Finally, we want to show that every 3-dimensional non-degenerate quadratic space $(V, q)$ is conformal to $(V_A, q_A)$ for some $A$. Note that if such an $A$ exists then it is unique up to unique isomorphism in the sense that if $A$ and $A$ are two such equipped with conformal isometries $(V_A, q_A) \simeq (V, q) \simeq (V_{A'}, q_{A'})$ then this composite conformal isometry arises from a unique isomorphism $A \simeq A'$ of $k$-algebras. Hence, by Galois descent (!) it suffices to check existence over $k_s$! But over a separably closed field the smooth projective conic has a rational point, so $(V, q)_{k_s}$ contains a hyperbolic plane and thus is isometric to $xy + \lambda z^2$ on $k_s^3$ for some $\lambda \in k_s^{\times}$. This is conformal to $(-1/\lambda)q_{k_s}$, but $(1/\lambda)xy - z^2$ and $-x'y' - z^2$ are clearly isometric, and the latter is ${\rm{Mat}}_2^{{\rm{Tr}}=0}$ equipped with the restriction of det.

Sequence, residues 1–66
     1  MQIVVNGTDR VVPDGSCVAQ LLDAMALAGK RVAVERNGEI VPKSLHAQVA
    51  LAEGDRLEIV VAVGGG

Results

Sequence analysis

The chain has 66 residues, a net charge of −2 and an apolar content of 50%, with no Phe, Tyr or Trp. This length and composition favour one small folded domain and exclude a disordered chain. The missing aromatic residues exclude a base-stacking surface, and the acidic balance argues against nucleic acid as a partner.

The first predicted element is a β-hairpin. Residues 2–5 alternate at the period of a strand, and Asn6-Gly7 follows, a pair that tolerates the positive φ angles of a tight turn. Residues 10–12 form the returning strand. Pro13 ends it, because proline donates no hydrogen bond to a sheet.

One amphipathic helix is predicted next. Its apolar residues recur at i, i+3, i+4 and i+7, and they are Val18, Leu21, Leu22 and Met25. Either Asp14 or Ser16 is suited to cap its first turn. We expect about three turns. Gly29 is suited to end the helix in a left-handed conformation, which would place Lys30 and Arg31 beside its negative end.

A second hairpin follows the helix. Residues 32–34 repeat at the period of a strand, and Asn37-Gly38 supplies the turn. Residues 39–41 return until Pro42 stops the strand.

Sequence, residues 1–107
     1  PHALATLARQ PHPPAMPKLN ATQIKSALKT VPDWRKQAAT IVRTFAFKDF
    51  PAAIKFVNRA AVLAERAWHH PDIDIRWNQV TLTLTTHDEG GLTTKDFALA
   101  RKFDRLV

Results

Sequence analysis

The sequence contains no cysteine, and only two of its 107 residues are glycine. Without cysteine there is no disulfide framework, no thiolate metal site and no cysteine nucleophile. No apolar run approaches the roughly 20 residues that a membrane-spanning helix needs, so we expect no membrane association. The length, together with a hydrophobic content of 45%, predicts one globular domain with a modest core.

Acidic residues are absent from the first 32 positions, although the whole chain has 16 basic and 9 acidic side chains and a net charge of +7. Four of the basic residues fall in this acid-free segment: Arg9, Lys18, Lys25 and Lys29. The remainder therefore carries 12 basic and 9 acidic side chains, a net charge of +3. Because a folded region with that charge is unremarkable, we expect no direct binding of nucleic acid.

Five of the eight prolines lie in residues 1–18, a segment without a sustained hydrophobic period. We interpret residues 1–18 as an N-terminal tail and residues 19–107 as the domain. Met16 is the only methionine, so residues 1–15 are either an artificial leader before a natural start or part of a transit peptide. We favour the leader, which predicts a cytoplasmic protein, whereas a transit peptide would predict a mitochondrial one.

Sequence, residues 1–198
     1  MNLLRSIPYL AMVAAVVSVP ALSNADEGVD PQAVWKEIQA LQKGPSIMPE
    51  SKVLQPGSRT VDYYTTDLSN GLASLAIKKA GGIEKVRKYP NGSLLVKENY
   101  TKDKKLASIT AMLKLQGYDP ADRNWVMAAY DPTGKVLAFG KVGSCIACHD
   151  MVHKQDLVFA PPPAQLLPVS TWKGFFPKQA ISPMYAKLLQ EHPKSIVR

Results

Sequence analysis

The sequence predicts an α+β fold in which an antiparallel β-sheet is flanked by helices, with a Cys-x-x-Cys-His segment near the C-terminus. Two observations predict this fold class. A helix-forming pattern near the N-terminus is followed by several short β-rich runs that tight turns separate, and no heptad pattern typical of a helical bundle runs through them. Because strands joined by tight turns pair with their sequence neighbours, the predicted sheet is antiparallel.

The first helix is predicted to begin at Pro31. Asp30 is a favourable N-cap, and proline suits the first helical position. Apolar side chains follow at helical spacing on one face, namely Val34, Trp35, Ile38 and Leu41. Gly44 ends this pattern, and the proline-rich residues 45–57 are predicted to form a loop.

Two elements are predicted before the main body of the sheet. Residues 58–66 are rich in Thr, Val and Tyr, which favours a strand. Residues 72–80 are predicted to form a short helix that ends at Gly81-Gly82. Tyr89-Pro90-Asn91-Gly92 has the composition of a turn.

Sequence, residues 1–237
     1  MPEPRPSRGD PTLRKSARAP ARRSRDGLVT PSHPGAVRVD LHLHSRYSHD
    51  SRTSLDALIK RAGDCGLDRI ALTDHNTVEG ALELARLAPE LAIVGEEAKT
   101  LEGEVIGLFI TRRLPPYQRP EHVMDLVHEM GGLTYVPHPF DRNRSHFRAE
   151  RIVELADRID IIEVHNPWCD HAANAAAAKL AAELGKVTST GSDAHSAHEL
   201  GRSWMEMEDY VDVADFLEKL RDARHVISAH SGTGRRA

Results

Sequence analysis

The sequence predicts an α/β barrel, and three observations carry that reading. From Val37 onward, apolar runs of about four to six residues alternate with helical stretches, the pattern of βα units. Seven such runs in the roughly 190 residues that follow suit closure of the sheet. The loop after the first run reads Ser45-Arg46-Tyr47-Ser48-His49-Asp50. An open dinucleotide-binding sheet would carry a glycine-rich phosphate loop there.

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On a conceptual level, I would like to see this as an instance of a sporadic isomorphism of algebraic groups. Take the conjugation action of $GL_2$ on the space of $2\times 2$-matrices with trace 0, equipped with the trace form. One can show that this induces an isomorphism $PGL_2\cong SO(3)$. This is discussed e.g. in this MO-question. From the isomorphism of algebraic groups, you get a bijection $$ H^1(k,PGL_2)\cong H^1(k,SO(3)). $$ These are étale/Galois cohomology groups classifying étale locally trivial torsors over $\operatorname{Spec} k$ with the appropriate structure group. Now identify $PGL_2$-torsors with central simple algebras of dimension $4$, this is done e.g. in the book of Gille-Szamuely "Central simple algebras and Galois cohomology". On the other side, identify $SO(3)$-torsors with quadratic form of trivial discriminant. This should give the bijection in the question.